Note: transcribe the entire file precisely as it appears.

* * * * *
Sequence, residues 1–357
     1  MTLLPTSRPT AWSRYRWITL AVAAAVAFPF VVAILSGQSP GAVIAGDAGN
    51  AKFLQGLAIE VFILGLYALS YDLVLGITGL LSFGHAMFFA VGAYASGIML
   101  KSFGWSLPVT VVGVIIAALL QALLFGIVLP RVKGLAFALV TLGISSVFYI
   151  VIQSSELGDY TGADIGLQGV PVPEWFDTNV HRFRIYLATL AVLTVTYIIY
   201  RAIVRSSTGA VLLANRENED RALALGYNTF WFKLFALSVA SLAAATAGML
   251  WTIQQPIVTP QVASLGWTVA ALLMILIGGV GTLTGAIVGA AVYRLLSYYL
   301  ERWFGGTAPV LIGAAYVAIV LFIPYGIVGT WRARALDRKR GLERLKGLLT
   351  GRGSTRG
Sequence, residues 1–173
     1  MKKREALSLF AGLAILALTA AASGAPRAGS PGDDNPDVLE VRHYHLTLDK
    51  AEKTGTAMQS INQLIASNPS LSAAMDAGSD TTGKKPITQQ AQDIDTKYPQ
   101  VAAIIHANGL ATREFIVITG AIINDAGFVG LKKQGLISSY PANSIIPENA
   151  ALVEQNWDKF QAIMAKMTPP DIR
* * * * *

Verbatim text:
Sequence, residues 1–357
     1  MTLLPTSRPT AWSRYRWITL AVAAAVAFPF VVAILSGQSP GAVIAGDAGN
    51  AKFLQGLAIE VFILGLYALS YDLVLGITGL LSFGHAMFFA VGAYASGIML
   101  KSFGWSLPVT VVGVIIAALL QALLFGIVLP RVKGLAFALV TLGISSVFYI
   151  VIQSSELGDY TGADIGLQGV PVPEWFDTNV HRFRIYLATL AVLTVTYIIY
   201  RAIVRSSTGA VLLANRENED RALALGYNTF WFKLFALSVA SLAAATAGML
   251  WTIQQPIVTP QVASLGWTVA ALLMILIGGV GTLTGAIVGA AVYRLLSYYL
   301  ERWFGGTAPV LIGAAYVAIV LFIPYGIVGT WRARALDRKR GLERLKGLLT
   351  GRGSTRG
Sequence, residues 1–173
     1  MKKREALSLF AGLAILALTA AASGAPRAGS PGDDNPDVLE VRHYHLTLDK
    51  AEKTGTAMQS INQLIASNPS LSAAMDAGSD TTGKKPITQQ AQDIDTKYPQ
   101  VAAIIHANGL ATREFIVITG AIINDAGFVG LKKQGLISSY PANSIIPENA
   151  ALVEQNWDKF QAIMAKMTPP DIR